Pokémon Mini existed as a viable commercial entity for roughly twelve months, with the final game Pokémon Breeder Mini hitting Japanese shelves at the conclusion of 2002. In the west, the system and its games were dramatically discounted by the stores which had bothered to stock them, and could be found in bargain bins everywhere for the next few years. The device could well have been forgotten entirely were it not for the fact that Nintendo included some Pokémon Mini titles in its 2003 GameCube release Pokémon Channel. In order to factor in some game demos and an all-new exclusive release - Snorlax's Lunchtime - Nintendo had to create a GameCube-based emulator for the Pokémon Mini. This allowed hackers to better understand the console and create their own emulator, and this eventually led to a flash cart being produced for the console, and with it, a host of homebrew tech demos and ports - including rudimentary versions of R-Type, Zelda,Sonic and the Nokia classic Snake. Some particularly resourceful individuals have even fitted backlights to their consoles, making it possible to play in darkened environments.

Despite Pokémon Mini being sold off cheaply after its short lifespan, the system has steadily become more and more collectable as the years have rolled by - hardly surprising given its Nintendo connection, and the enduring popularity of the Pokémon series in general. A fully boxed system could set you back as much as $100, while some of the more desirable games cost even more than that. Unboxed systems are naturally much cheaper, but be wary of cosmetic damage - these devices were aimed at kids and were intended to be carried around a lot, and as a result many second-hand examples display battered cases and scratched screens. Despite these levels of punishment, the Pokémon Mini is a pretty robust system - something that is in keeping with Nintendo's other handhelds from the period.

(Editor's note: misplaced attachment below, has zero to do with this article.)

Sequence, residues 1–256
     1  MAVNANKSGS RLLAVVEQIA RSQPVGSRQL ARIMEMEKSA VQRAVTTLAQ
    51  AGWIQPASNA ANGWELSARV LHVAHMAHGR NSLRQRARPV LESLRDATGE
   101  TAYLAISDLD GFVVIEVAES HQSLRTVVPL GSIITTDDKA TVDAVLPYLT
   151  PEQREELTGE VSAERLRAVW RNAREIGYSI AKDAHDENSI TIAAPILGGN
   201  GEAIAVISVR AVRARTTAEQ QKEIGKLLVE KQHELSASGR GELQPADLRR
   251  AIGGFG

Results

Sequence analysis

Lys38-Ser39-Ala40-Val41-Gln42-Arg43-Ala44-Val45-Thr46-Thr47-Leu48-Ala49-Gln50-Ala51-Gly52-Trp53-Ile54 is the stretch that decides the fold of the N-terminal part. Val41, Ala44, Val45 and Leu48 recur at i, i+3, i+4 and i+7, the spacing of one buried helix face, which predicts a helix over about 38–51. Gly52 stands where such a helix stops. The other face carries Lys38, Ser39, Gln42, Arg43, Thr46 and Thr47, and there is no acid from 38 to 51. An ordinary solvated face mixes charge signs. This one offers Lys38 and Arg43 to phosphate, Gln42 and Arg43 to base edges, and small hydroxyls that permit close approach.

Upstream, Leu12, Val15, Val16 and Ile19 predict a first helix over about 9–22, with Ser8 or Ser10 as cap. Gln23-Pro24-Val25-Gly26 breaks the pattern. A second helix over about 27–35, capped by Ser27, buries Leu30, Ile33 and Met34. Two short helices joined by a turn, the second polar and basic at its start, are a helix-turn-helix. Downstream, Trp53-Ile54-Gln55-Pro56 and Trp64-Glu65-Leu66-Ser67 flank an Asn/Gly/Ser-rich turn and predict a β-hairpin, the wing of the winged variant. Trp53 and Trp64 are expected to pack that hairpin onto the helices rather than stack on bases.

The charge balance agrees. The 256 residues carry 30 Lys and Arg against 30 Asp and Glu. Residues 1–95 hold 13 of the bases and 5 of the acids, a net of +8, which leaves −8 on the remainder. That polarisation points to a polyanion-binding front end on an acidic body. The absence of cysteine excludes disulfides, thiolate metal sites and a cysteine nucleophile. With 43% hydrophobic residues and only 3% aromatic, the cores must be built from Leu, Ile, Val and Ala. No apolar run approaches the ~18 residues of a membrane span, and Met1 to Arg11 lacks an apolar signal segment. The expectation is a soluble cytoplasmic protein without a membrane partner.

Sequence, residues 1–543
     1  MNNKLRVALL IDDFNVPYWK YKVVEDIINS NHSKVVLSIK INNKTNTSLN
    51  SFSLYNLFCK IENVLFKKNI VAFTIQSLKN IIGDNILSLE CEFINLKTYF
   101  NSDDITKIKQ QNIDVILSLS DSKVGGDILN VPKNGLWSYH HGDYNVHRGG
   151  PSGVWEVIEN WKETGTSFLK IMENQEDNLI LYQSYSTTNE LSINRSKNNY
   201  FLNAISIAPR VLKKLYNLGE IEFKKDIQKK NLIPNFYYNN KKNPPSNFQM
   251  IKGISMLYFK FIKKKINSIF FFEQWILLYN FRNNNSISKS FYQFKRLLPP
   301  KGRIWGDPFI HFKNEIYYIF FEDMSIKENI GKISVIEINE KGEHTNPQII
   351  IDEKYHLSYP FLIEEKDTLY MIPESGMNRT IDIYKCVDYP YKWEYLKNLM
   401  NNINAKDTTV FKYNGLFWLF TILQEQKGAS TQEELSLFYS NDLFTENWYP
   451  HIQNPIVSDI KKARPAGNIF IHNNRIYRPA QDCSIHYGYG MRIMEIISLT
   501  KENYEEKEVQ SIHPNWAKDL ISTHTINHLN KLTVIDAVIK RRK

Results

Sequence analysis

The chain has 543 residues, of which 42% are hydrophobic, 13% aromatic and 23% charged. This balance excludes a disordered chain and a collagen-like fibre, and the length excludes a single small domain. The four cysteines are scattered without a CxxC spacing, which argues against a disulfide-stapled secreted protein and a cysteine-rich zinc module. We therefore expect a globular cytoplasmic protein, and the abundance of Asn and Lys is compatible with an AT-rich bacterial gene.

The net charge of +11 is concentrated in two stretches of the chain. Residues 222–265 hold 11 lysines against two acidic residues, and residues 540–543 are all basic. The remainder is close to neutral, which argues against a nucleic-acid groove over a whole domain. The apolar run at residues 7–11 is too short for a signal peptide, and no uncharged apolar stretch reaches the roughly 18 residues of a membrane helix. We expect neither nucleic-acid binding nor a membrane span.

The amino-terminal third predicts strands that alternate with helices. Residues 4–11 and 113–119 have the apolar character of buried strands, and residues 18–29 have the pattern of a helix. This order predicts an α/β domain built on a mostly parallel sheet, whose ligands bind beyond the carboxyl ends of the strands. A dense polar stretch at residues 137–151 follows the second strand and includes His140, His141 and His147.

It's tempting to see the Pokémon Mini as something of a creative dead end; an prime example of how Nintendo's overriding desire to milk its popular franchises can result in embarrassing commercial failures. In truth, no one really noticed that the Pokémon Mini had flopped at the time because it was kept so separate from the rest of the gaming industry, and the Game Boy Advance was selling like hotcakes. However, looking back at the system now - with its cute design, old-school monochrome screen, adorably tiny cartridges and surprisingly expansive toolbox of features - it certainly ranks as an interesting piece of Nintendo history, and the efforts of homebrew coders have given it a new lease of life.

Did you pick up a Pokémon Mini back in 2001, or have you purchased one on the cheap since then? Perhaps this is the first time you've ever heard of the console? Let us know your thoughts and memories by posting a comment below, and don't forget to check out the rest of our growing Hardware Classics series.